However, it wasn't until The News published a front page special investigation into the death of Gladys Richards, that things were taken seriously.
The News's then reporter Jonathan Carter published his report on April 3, 2001, headlined: Probe Into Suspicious Death at Hospital '“ police investigation into alleged unlawful killing of patient, 91.
In a 370-page report into the scandal released 17 years later, in June, the role The News played in bringing the situation to light was praised by a panel of independent experts.
The report, led by Bishop James Jones, took four years to complete at a cost Â£14m.
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But it's findings were stark. The document said there had been a '˜disregard for human life' and told how patients who were considered a '˜nuisance' were given drugs on syringe drivers that killed them within days.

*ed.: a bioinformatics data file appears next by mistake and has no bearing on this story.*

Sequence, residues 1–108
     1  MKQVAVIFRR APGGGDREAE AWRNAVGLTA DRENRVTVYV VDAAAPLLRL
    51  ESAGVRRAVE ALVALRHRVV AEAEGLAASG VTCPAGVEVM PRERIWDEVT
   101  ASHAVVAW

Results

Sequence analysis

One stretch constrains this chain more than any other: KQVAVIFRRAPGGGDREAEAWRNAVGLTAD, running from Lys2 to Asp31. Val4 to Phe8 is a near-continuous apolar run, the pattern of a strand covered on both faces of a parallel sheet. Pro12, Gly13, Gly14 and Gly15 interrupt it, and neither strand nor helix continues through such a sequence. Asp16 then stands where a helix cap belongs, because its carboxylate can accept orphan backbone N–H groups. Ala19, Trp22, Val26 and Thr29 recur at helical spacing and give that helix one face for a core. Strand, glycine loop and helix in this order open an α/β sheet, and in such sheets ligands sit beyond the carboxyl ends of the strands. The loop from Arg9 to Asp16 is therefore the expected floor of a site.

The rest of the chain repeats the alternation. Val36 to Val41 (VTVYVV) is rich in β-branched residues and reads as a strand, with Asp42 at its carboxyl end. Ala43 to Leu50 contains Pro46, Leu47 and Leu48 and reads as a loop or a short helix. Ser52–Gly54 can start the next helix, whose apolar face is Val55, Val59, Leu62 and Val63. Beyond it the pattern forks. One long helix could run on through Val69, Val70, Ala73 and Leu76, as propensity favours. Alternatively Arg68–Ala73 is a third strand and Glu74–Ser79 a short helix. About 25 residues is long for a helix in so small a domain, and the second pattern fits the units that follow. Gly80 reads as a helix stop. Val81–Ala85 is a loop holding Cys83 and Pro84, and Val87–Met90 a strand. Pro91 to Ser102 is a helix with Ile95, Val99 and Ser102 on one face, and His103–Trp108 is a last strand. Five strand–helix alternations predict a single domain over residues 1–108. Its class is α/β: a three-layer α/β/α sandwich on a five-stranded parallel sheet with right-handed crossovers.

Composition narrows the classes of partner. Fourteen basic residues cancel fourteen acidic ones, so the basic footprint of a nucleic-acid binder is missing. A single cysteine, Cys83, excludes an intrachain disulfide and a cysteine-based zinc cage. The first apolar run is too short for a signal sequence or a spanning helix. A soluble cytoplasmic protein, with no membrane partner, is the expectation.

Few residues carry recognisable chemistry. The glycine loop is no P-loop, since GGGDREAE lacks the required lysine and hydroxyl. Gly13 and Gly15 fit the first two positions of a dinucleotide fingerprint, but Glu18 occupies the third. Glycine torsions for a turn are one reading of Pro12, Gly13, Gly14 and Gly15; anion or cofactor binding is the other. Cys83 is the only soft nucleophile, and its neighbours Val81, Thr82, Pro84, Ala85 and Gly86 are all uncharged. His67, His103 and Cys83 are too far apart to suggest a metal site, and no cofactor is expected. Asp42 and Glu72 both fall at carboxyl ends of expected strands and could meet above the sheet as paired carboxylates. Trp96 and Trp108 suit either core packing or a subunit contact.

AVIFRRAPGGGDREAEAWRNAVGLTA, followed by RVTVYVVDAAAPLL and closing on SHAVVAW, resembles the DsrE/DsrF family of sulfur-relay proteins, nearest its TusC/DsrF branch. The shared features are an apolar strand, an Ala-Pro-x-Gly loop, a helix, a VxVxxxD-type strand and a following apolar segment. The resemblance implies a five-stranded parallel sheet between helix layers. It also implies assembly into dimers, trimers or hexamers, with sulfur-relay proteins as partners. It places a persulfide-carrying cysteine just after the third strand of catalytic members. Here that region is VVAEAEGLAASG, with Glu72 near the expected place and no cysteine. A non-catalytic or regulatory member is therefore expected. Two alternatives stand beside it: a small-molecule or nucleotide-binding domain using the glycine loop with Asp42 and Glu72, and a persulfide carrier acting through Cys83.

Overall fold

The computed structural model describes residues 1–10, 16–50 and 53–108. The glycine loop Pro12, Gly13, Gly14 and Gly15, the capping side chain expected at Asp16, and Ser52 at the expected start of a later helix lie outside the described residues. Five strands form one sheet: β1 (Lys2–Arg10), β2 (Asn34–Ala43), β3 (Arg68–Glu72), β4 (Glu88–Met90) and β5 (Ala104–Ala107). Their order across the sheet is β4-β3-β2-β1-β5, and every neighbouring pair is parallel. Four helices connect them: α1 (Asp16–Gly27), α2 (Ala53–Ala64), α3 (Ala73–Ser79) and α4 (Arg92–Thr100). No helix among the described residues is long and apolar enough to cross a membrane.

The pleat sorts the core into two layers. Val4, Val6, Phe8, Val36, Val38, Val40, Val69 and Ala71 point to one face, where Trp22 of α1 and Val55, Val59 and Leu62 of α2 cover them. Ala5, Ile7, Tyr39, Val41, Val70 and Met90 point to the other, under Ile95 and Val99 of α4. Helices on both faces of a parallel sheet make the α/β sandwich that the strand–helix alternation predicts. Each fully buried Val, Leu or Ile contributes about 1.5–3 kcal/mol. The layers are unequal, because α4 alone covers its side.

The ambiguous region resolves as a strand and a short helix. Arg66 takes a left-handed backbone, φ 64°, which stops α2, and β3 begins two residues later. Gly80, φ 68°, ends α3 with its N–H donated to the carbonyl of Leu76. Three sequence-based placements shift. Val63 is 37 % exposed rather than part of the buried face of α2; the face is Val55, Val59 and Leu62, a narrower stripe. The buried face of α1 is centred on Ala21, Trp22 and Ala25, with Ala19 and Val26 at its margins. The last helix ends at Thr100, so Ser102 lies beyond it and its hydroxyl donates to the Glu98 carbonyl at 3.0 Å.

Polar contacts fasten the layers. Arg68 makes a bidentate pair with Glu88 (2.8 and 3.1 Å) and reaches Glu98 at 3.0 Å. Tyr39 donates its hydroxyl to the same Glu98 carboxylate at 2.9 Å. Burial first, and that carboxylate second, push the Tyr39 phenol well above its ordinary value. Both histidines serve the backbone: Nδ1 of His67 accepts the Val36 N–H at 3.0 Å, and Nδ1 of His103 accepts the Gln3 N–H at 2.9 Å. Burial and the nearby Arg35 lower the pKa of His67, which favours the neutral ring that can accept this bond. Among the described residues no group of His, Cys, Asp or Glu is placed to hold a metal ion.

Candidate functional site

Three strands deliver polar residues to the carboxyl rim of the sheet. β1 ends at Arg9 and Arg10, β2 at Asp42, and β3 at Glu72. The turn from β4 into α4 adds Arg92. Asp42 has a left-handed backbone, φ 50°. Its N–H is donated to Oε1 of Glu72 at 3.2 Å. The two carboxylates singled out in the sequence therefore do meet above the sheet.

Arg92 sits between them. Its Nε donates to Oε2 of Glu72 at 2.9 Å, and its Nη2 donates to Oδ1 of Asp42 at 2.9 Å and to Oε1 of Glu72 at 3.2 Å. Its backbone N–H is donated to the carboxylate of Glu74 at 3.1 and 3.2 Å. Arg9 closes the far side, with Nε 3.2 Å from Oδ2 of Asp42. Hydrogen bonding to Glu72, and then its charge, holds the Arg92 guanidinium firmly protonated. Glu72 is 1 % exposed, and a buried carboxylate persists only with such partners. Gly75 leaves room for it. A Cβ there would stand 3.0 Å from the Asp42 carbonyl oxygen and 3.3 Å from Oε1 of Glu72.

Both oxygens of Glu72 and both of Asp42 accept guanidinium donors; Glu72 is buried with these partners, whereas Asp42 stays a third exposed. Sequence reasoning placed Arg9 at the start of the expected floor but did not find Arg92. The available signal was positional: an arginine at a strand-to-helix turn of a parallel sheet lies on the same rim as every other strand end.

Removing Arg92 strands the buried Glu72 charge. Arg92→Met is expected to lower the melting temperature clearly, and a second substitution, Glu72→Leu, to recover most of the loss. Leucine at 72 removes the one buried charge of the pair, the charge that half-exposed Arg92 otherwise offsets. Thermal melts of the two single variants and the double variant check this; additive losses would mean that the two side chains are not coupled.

In all, it found 456 people had their lives shortened after being prescribed powerful painkillers at Gosport.
But it also raised question marks over a further 200 people, which the report said were '˜probably' similarly administered with opioids without medical justification.
Dr Jane Barton was criticised for her role in the deaths, which consisted mostly of elderly people, at Gosport while she worked there between 1988 and 2000.
In the wake of the panel's findings, Dr Barton said did the best for her patients
For years, questions had been raised about Dr Barton '“ who was found guilty of misconduct by the General Medical Council.
The GP, who worked at Gosport and later Forton Medical Centre in Gosport, was found to be '˜responsible for the practice of prescribing which prevailed on the wards', Bishop Jones said.
But the panel found an institutionalised regime of prescribing and administering' dangerous doses of opioids that shortened' patients' lives.
It found the separate case of Dr Harold Shipman, who was jailed for murdering 15 patients, cast a shadow' on the police investigations.
The bishop added: '˜Although the consultants were not involved directly in treating patients on the wards, the medical records show they were aware of how drugs were prescribed and administered but did not intervene to stop the practice.'